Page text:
Artist: Of Monsters and Men
Released: September 20th, 2011
Highlights: Dirty Paws, King and Lionheart, Mountain Sound, Little Talks
Out of the jubilant forge where Arcade Fire’s alternative-rock-tinged brand of indie music meets Mumford & Sons’ anthemic folk, the Icelandic sextet Of Monsters and Men rises. Similarly to any stellar debut, albums whose generally lengthy composition periods tend to give bands plenty of room to produce hoards of material and test them out on the road, “My Head Is an Animal” often feels like a greatest hits collection: save for one exception (the forced hymn “Six Weeks”), all of its cuts are positively strong and fully developed. It is an album mostly devoid of weak links and dull moments, more than justifying the dedicated fandom that rose around the group, and that offers a precise balance between the band’s contemplative folk aspirations and their love for dreamy explosive choruses.
Although the themes upon which it touches are varied – and occasionally bleak, a sense of child-like wonder permeates the whole record. That table is set by the opener “Dirty Paws”. Featuring a folky pulsating verse that travels through a crescendo and culminates on a musical outburst, it depicts a forest war where bees and birds – these aided by the titular unnamed four-legged creatures – fight for the sky; the possible human-related allegory is certainly not unintentional. That kind of fantastic imagery reappears often, and the band crafts music whose power matches the size of its lyrical ambitions.
In the gorgeous bittersweet “King and Lionheart”, elements like mountains, ships, ghosts, and towns are combined in a tale of two people whose mutual love and support carry them through hardships even when they are distant; in the delightfully catchy “Mountain Sound”, the attempt to escape from one’s past leads to a journey through natural landscapes; in “From Finner” – whose instrumentation and eventual shanty-like melodies recall the ocean, a trip on the back of a large whale is filled with adventurous happiness and homesickness; and in the folk dirge “Your Bones”, the survival of a tribe going through a harsh winter hinges on both the spiritual remembrance of its deceased members and on their mortal remains. It could all come off either as phony or downright pretentious – negative labels attached to much of the indie scene, but it absolutely does not.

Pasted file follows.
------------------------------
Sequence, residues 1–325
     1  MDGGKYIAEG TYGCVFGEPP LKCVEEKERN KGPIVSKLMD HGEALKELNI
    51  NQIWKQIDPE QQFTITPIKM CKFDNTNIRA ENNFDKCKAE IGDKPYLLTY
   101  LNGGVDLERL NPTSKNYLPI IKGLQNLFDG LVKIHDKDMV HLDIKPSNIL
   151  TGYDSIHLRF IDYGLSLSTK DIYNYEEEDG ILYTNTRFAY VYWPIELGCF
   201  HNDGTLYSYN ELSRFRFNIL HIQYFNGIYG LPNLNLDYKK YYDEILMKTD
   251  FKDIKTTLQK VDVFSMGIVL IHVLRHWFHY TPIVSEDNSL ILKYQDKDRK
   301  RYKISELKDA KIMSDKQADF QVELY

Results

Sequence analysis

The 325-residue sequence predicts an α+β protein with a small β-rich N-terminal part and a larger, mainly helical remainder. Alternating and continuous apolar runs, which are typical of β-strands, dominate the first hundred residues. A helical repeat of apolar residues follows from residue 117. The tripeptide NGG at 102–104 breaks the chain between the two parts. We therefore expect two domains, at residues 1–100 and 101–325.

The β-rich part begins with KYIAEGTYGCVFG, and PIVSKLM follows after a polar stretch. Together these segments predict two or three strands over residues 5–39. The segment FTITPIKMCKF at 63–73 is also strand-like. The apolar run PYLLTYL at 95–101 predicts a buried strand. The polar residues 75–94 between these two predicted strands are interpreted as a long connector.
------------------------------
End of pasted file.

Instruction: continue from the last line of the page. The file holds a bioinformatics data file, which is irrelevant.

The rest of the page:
A lot of that is achieved through Nanna’s singing. There is a genuine starry-eyed quality to it, an honest brand of naiveté that lends the songs credence and levity; and so they soar. When frailty is required, she also steps up, showing – respectively – a delicate broken aura from which strength surfaces in the midst of harsh adversity (the purest and most powerful kind of strength, after all), and a mature self-analysis of a one-way-street relationship in the ballads “Slow and Steady” and “Love Love Love”. Her duets with Ragnar also gain weight due to the contrast of their interpretation, with the latter often playing a comforting role that clashes with her insecurity, as it happens in the hit “Little Talks”, the mostly acoustic “Sloom”, the anthemic “Lakehouse”, and the closing dark number “Yellow Light”. “My Head Is an Animal” is, then, able to explore a large emotional palette in a cohesive way that transmits a great deal of bona fide authenticity and songwriting wisdom, for it appeals to current indie sensitivities without getting suck in any of its many traps.
Artist: The Dead Weather
Released: July 14th, 2009
Highlights: 60 Feet Tall, I Cut Like a Buffalo, So Far from Your Weapon, Will There Be Enough Water?